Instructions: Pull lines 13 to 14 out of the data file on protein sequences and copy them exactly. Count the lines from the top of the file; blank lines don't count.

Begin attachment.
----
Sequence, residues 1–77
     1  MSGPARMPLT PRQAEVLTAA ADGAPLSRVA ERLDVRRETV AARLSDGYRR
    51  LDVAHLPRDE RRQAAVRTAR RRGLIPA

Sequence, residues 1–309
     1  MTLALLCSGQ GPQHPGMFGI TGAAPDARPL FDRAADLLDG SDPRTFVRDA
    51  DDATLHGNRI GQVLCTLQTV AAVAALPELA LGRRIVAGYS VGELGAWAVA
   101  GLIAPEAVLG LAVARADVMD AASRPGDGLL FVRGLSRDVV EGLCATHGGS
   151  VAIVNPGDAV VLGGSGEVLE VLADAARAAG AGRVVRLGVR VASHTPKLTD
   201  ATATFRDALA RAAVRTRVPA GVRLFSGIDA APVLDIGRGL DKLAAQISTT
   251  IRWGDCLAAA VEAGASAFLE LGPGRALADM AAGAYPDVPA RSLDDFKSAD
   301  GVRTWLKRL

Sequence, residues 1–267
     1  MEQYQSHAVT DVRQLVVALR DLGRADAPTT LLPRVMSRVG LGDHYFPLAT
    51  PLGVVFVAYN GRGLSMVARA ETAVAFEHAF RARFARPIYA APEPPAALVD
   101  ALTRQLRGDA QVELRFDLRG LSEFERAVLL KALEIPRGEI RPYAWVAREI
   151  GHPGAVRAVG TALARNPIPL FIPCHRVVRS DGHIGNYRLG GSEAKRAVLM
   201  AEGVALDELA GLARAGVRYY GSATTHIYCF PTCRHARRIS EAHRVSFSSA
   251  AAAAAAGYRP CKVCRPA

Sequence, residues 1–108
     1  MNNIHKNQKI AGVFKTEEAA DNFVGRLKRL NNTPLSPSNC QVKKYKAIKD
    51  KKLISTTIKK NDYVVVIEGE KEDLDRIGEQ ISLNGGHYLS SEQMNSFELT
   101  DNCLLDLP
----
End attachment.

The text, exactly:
     1  MEQYQSHAVT DVRQLVVALR DLGRADAPTT LLPRVMSRVG LGDHYFPLAT
    51  PLGVVFVAYN GRGLSMVARA ETAVAFEHAF RARFARPIYA APEPPAALVD